President Barack Obama still has two years left in his term in office, but the effort to establish his post-presidential library is already underway. The bid for the Obama Presidential Library is down to four locations in three states -- New York, Hawaii, and Illinois. As VOA’s Kane Farabaugh reports, each of them played an important part in the president’s life before he reached the White House.
Video

Video Cuba Deal is Major Victory for Pope’s Diplomatic Initiatives

Pope Francis played a key role in brokering the US-Cuba deal that was made public earlier this week. It is the most stunning success so far in a series of peacemaking efforts by the pontiff. VOA religion reporter Jerome Socolovsky has more.
Video

Video Fears of More Political Gridlock in 2015

2014 proved to be a difficult year politically for President Barack Obama and a very good year for the U.S. Republican Party. Republican gains in the November midterm elections gave them control of the Senate and House of Representatives for the next two years -- setting the stage for more confrontation and gridlock in the final two years of the Obama presidency. VOA National Correspondent Jim Malone has a preview from Washington.
Video

Video Sudan School Becomes Target of Aerial Attacks

The school dropout rate is at an all-time high in Sudan's South Kordofan state because many schools have been destroyed during the three-year civil war between the government and SPLA-N rebel forces. Adam Bailes visited Sudan's Nuba Mountains' region and reports many children are simply too scared to go to school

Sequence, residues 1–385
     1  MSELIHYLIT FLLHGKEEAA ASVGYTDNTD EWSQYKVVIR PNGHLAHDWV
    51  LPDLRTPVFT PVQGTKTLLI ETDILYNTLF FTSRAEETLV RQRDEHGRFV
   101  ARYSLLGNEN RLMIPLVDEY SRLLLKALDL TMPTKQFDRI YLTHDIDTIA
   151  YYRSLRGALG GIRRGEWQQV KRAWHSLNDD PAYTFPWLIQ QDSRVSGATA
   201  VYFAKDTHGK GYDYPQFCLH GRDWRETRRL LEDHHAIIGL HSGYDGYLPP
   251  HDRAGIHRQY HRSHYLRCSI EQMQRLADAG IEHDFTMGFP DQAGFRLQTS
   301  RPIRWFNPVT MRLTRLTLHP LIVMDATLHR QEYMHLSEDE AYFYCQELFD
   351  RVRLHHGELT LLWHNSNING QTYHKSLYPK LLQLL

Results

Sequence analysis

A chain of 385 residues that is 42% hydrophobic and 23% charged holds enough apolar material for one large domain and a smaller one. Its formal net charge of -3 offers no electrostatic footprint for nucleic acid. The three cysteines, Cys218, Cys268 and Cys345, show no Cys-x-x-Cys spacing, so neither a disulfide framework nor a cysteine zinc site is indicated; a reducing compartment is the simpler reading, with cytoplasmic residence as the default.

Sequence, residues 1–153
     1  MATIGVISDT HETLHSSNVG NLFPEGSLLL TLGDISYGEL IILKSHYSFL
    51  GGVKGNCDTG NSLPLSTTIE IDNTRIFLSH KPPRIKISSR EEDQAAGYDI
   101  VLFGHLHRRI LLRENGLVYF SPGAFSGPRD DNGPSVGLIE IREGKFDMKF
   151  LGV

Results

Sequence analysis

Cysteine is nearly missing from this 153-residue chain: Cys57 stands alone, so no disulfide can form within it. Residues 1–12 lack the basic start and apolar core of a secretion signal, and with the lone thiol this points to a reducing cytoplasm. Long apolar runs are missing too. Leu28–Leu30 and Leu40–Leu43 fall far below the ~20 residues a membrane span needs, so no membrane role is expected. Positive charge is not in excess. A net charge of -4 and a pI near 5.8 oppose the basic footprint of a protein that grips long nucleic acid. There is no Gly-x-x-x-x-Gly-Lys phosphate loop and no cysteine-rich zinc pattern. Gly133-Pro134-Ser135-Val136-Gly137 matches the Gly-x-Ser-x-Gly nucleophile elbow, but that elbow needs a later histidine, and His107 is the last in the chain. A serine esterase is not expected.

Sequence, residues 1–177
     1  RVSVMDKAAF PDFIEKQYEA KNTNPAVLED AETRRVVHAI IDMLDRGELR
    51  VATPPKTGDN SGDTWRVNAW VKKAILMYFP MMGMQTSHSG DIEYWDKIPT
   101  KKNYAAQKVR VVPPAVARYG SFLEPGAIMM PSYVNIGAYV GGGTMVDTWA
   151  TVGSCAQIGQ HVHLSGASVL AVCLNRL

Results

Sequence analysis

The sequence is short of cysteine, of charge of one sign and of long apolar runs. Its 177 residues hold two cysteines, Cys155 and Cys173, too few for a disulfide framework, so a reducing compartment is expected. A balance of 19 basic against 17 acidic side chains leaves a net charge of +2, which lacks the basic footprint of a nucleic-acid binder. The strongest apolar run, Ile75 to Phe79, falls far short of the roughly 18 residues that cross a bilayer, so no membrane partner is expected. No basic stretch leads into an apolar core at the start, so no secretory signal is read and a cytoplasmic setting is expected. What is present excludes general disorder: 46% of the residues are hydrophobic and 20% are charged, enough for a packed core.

Video

Video VOA Reporter Tours Devastated Peshawar School

Islamist militants wearing military uniforms and strapped with explosives attacked a military run school Tuesday in the northwestern Pakistani city of Peshawar. At least 141 people were killed in the horrific attack, most of them young students. VOA reporter Ayaz Gul visited the devastated school and attended the funeral of the principal who courageously tried to save her students from the deadly attack.
Video

Video Nigerians Fleeing Boko Haram Languish in Camp Near Capital

In its five-year effort to impose Islamic law in northeastern Nigeria, the Boko Haram extremist group has killed thousands of people and forced hundreds of thousands to flee. Some of those who ran for their lives now live in squalor on the edges of the capital, Abuja. Chris Stein reports for VOA.
Video

Video Aceh Rebuilt Decade After Tsunami, But Scars Remain

On December 26, 2004 there was an earthquake in the Indian Ocean so powerful it caused the Earth’s axis to wobble a few centimeters. Onshore on the island of Sumatra, the resulting tsunami was devastating. A decade later, VOA Correspondent Steve Herman reports from Banda Aceh, Indonesia, where although there is little remaining evidence of the physical devastation, the psychological scars among survivors remain.

All About America

AppleAndroid